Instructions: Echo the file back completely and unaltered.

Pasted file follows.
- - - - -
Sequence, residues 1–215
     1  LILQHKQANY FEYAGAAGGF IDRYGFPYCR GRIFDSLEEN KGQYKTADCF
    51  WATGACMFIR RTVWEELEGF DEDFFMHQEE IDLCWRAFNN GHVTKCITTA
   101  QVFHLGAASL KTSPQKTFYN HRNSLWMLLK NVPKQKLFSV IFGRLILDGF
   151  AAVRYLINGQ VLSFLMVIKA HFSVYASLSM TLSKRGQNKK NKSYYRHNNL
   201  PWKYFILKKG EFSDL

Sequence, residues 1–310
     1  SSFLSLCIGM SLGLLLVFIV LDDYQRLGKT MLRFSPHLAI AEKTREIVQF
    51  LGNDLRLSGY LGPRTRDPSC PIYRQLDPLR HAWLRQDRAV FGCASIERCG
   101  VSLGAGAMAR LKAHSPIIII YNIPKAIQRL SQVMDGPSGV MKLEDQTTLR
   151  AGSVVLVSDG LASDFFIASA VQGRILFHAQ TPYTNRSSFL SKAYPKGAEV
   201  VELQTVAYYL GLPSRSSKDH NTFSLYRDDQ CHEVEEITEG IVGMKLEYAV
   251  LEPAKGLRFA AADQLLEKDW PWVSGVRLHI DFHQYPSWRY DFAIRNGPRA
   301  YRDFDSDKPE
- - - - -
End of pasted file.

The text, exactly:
Sequence, residues 1–215
     1  LILQHKQANY FEYAGAAGGF IDRYGFPYCR GRIFDSLEEN KGQYKTADCF
    51  WATGACMFIR RTVWEELEGF DEDFFMHQEE IDLCWRAFNN GHVTKCITTA
   101  QVFHLGAASL KTSPQKTFYN HRNSLWMLLK NVPKQKLFSV IFGRLILDGF
   151  AAVRYLINGQ VLSFLMVIKA HFSVYASLSM TLSKRGQNKK NKSYYRHNNL
   201  PWKYFILKKG EFSDL

Sequence, residues 1–310
     1  SSFLSLCIGM SLGLLLVFIV LDDYQRLGKT MLRFSPHLAI AEKTREIVQF
    51  LGNDLRLSGY LGPRTRDPSC PIYRQLDPLR HAWLRQDRAV FGCASIERCG
   101  VSLGAGAMAR LKAHSPIIII YNIPKAIQRL SQVMDGPSGV MKLEDQTTLR
   151  AGSVVLVSDG LASDFFIASA VQGRILFHAQ TPYTNRSSFL SKAYPKGAEV
   201  VELQTVAYYL GLPSRSSKDH NTFSLYRDDQ CHEVEEITEG IVGMKLEYAV
   251  LEPAKGLRFA AADQLLEKDW PWVSGVRLHI DFHQYPSWRY DFAIRNGPRA
   301  YRDFDSDKPE